rs contain full accounts of the bombardment and surrender of Fort Pulaski, which, it seems, was preceded by the following correspondence between the Federal commander and Col. Olmstead: Headq'rs, Department of South, Tybee Island, Ga., April 10, 1862. To the Commanding Officer, Fort Pulaski: Sir --I hereby demand of you the immediate surrender and restoration of Fort Pulaski to the authority and possession of the United States. This demand is made with a view to avoiding, if p who is authorized to wait any period not exceeding thirty minutes from delivery for your answer. I have the honor to be, sir, your most obedient servant, David Hunter, Major General Commanding. [reply.] Headquarters Fort Pulaski, April 10, 1862. Major-General David Hunter, commanding on Tybee River. Sir --I have to acknowledge the receipt of your communication of this date, demanding the unconditional surrender of Fort Pulaski. In reply I can only say that I am here to d
April 11th, 1862 AD (search for this): article 1
te lines, and at the same time the men to be allowed to send any letters they may desire, subject to the inspection of a Federal officer. Signed this 11th day of April, 1862. Chas. H. Olmstead, Col. First Vol. Reg't of Georgia, Fort Pulaski. Q. A. Gilmore, Brigadier-General Volunteers, commanding United States forces, Tycument was sent to the district commander, and accompanied by the following communication from the General of the attacking brigade: Fort Pulaski, Ga., April 11, 1862. General H. A. Benham, Commanding Northern District Department of the South, Tybee Island, Ga.: Sir --I have the honor to transmit herewith the terms of capitulation for the surrender to the United States of Fort Pulaski, Ga., signed by me this 11th day of April, 1862. I trust these terms will receive your approval, they being substantially those authorized by you as commander of the district. The fort hoisted the white flag at a quarter before two o'clock this afterno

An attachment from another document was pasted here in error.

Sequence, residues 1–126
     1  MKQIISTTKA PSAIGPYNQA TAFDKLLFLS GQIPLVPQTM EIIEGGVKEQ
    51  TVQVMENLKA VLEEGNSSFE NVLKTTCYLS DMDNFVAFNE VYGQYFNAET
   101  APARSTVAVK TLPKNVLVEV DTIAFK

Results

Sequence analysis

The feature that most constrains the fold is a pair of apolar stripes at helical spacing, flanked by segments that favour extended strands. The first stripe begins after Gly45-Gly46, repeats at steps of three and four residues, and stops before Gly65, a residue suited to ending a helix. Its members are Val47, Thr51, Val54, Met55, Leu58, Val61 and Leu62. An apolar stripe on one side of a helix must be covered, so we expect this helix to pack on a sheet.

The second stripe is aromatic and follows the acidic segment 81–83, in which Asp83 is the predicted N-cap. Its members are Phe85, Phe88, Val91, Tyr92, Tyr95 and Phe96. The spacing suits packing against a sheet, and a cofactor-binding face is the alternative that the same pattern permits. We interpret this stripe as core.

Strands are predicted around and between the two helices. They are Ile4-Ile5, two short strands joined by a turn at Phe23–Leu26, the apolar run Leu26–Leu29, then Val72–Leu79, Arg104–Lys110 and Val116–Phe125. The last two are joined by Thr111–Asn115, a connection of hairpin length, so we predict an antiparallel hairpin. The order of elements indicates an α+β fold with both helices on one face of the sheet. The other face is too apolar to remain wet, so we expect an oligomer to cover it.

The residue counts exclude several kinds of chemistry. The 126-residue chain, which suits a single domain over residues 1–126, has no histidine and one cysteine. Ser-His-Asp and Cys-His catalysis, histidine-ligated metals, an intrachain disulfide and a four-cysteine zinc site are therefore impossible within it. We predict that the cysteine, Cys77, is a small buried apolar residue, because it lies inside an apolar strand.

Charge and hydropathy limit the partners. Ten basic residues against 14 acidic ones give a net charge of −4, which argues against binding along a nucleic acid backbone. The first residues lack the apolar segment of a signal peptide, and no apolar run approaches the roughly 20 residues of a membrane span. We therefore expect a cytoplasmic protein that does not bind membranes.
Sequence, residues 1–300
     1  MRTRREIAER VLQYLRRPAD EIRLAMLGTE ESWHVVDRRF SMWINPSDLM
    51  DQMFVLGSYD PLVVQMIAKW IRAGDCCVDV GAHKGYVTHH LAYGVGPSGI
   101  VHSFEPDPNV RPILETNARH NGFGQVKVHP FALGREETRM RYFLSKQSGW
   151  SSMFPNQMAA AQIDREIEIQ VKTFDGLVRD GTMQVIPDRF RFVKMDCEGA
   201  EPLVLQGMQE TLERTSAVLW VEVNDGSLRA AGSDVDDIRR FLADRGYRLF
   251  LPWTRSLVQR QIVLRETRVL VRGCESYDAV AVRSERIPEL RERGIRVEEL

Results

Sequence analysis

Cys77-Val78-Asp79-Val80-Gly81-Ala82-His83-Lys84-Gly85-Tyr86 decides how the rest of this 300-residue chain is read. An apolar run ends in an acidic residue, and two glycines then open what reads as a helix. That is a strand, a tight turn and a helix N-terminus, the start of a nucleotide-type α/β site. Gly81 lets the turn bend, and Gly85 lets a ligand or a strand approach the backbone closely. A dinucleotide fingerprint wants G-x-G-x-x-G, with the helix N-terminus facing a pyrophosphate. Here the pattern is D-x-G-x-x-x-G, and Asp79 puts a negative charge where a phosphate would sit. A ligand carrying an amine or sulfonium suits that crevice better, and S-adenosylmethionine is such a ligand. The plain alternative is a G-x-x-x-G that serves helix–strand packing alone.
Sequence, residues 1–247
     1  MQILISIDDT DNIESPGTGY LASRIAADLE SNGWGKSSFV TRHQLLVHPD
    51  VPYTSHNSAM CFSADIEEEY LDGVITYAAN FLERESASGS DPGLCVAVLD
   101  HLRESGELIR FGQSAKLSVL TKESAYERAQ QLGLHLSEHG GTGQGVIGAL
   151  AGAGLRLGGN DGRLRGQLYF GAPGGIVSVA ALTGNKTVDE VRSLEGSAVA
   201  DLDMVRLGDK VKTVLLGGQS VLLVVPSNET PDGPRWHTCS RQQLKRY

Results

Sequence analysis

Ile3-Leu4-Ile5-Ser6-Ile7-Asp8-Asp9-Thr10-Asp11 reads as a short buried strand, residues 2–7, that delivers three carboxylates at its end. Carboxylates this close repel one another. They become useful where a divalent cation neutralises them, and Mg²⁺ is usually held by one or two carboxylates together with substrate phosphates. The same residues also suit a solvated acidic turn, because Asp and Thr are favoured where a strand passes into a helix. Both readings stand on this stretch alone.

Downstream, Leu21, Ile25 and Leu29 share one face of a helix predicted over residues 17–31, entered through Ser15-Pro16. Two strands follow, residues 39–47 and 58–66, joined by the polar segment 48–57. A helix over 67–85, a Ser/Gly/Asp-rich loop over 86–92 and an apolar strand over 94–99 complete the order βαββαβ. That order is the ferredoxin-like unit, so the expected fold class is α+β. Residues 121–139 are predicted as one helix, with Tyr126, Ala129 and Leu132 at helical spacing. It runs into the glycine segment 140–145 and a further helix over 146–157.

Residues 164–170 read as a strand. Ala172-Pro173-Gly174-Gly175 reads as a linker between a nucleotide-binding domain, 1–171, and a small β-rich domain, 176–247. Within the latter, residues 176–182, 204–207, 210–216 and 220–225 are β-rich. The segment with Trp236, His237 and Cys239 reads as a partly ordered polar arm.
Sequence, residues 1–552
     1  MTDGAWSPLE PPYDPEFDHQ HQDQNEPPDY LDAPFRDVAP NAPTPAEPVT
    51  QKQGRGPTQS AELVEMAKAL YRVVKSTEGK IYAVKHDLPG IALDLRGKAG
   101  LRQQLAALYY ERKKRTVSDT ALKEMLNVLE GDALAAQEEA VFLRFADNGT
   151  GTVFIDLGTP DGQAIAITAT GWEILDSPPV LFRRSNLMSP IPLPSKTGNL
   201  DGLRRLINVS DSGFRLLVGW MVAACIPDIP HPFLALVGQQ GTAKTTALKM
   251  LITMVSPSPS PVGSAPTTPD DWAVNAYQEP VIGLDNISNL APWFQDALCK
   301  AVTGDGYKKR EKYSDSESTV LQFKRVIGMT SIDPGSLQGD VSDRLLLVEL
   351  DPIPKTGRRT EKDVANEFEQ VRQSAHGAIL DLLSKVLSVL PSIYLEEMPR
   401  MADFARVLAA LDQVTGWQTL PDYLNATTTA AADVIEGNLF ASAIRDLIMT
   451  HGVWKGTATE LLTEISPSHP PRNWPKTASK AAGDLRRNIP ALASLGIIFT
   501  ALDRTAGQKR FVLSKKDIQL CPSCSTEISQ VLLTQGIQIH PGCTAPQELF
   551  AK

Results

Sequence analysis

December, 4 AD (search for this): article 1
left hand and forearm were shot off, thus completely mutilating him. He was in New Orleans a few days ago, but still determined to return to his regiment as soon as his wounds are healed.--He is confident that, though he can no longer wield a musket or a sword, his presence in the hour of peril will inspire his gallant comrades in arms, the "Continentals," to further deeds of noble daring. The Mississippi Valley. The army correspondent of the Mobile Register, writing from Memphis, April 12th, is disposed to take a discouraging view of affairs in that direction. We copy a portion of the letter: The condition of affairs up the Mississippi river is by no means satisfactory. The reduction of Island 10, though anticipated, is a very serious blow, and will be followed soon, I fear, by the fall of Fort Pillow. There would be no difficulty in holding the river against gunboats alone, but the case is very different when there is a large co-operating land force. I need not refer